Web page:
Michael Roberts, 15 March 2012
There are many forces promoting the campaign to haul the Sri Lankan government – and implicitly Sri Lankan society – before the coals through a condemnatory resolution at the UNHCR sessions in Geneva this month. That big power interests (inclusive of their manifest double standards) power this drive is undoubted. That the Sri Lankan governmental agencies over the years 1977-2012 have much to answer for is also clear – though WHO should administer such a process of monitoring and/or accusation, and how practical & useful such a project would be, is far from clear in my mind.
Apart from Tamils seeking vengeance, in my reading it is equally evident that strands of secular fundamentalism centred in INGOs, Western political moralists and Tamil and Sri Lankan activists have also inspired such moves. It is therefore significant and the counter-propaganda mounted by GoSL and other interest groups in Sri Lanka and abroad should include a re-affirmation of the Dhammadīpa concept by a body of bhikkhu activists during their public demonstration of opposition to the resolution under debate.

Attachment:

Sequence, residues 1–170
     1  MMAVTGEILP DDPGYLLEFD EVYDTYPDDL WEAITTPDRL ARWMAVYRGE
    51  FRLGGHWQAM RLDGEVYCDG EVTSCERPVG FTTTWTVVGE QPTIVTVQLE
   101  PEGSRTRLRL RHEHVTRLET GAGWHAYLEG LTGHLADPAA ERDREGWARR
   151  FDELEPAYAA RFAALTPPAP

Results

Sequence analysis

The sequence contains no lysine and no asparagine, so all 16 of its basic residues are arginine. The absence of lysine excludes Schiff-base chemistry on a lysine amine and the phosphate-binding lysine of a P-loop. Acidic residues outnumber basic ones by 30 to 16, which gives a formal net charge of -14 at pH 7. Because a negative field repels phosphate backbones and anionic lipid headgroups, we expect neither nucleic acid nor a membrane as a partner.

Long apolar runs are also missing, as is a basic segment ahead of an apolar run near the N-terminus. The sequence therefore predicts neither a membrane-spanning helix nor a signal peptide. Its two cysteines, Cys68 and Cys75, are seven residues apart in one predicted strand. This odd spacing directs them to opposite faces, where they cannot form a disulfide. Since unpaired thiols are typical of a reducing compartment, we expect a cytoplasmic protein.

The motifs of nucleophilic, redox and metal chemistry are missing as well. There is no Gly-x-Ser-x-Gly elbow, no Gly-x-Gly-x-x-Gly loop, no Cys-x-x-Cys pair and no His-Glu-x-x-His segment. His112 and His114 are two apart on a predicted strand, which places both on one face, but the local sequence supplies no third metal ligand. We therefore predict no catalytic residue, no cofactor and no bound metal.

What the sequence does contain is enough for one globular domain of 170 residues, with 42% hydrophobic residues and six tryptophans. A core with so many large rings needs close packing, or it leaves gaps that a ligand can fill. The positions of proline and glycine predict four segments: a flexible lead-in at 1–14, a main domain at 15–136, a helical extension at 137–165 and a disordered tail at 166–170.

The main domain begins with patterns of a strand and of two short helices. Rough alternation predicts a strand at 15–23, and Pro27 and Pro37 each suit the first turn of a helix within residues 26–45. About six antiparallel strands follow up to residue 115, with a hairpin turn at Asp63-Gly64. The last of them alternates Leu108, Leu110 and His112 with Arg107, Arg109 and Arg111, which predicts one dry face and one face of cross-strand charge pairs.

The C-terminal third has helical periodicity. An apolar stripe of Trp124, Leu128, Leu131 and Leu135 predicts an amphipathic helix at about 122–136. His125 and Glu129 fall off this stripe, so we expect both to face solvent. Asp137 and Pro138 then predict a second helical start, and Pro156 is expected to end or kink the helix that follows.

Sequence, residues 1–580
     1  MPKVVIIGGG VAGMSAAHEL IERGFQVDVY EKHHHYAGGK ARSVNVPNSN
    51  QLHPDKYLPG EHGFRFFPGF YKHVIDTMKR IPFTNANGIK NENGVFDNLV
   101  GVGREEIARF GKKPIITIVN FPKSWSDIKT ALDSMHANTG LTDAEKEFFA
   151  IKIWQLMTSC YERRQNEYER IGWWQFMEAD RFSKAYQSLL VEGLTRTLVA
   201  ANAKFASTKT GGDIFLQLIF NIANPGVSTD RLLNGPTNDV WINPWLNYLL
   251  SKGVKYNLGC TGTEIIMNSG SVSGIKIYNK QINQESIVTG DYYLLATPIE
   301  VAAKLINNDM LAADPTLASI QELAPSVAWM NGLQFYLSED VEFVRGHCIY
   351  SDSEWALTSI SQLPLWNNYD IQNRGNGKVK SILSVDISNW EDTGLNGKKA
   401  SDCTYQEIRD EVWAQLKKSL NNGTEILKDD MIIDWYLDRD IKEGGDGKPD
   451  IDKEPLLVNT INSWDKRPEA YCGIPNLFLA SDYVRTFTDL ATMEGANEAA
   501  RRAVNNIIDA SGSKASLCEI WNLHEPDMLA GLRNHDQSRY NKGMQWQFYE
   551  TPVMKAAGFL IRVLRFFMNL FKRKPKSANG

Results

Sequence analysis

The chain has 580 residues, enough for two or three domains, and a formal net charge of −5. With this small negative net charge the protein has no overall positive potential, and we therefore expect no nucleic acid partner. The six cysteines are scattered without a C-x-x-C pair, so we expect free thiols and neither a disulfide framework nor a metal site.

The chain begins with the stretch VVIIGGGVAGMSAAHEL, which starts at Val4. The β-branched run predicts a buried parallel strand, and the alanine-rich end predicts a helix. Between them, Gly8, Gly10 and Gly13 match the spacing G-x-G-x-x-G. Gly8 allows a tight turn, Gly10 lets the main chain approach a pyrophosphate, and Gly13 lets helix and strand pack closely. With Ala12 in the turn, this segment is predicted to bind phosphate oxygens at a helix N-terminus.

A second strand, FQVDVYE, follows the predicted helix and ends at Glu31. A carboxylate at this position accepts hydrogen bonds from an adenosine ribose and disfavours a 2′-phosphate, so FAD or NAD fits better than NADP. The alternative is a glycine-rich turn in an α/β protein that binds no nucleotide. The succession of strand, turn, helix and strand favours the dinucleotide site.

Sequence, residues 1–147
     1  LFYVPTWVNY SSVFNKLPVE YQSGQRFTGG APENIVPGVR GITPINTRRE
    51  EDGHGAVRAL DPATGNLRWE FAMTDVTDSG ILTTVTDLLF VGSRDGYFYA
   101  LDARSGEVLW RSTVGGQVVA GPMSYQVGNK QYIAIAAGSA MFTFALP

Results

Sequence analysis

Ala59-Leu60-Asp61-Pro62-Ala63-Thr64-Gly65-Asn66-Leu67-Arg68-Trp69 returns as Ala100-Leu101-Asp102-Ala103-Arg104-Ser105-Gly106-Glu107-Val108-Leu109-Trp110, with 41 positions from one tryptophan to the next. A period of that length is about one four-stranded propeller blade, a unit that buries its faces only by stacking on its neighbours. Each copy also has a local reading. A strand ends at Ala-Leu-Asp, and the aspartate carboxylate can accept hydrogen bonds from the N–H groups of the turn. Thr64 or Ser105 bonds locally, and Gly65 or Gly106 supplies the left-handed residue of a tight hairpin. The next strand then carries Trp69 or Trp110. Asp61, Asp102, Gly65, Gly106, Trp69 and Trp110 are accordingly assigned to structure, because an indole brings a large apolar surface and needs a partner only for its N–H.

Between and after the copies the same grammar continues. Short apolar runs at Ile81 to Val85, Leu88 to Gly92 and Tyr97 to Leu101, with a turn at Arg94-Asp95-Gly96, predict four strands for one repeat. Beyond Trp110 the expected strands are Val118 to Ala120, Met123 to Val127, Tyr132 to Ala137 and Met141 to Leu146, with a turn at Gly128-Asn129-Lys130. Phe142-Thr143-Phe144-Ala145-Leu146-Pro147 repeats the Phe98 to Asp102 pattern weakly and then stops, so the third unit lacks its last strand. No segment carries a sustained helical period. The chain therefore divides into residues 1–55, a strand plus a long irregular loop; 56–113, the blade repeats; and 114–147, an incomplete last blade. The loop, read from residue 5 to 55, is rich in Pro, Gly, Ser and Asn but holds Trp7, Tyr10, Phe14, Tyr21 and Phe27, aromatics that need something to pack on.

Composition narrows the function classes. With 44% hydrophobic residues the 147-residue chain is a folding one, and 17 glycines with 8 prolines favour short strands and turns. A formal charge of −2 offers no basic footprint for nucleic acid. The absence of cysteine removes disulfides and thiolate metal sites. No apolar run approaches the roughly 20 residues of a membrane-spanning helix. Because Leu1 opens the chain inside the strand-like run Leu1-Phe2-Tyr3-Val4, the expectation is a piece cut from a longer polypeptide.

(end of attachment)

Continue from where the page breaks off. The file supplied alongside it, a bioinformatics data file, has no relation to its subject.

This idea has a long and venerable history, though it is also tainted with extremism at certain moments in past time. Here, however, as the banner on display indicates, it is explicitly allied with an image of small people and small societies being threatened by big people in the form of Western imperialism. That point is not without some validity of course.
Ideally these charges should not preclude some introspection among the religious practitioners who press this complaint. But, then, this request can also be placed before the human rights activists in the West. Having seen the Australian branch of the International Commission of Jurists, Gordon Weiss and others in operation in Australia I think such an expectation is fanciful. The problem with fundamentalism, whether secular or religious, is its one-sided tunnel-vision. Introspective and critical reflections on its range of premises are rarely pursued.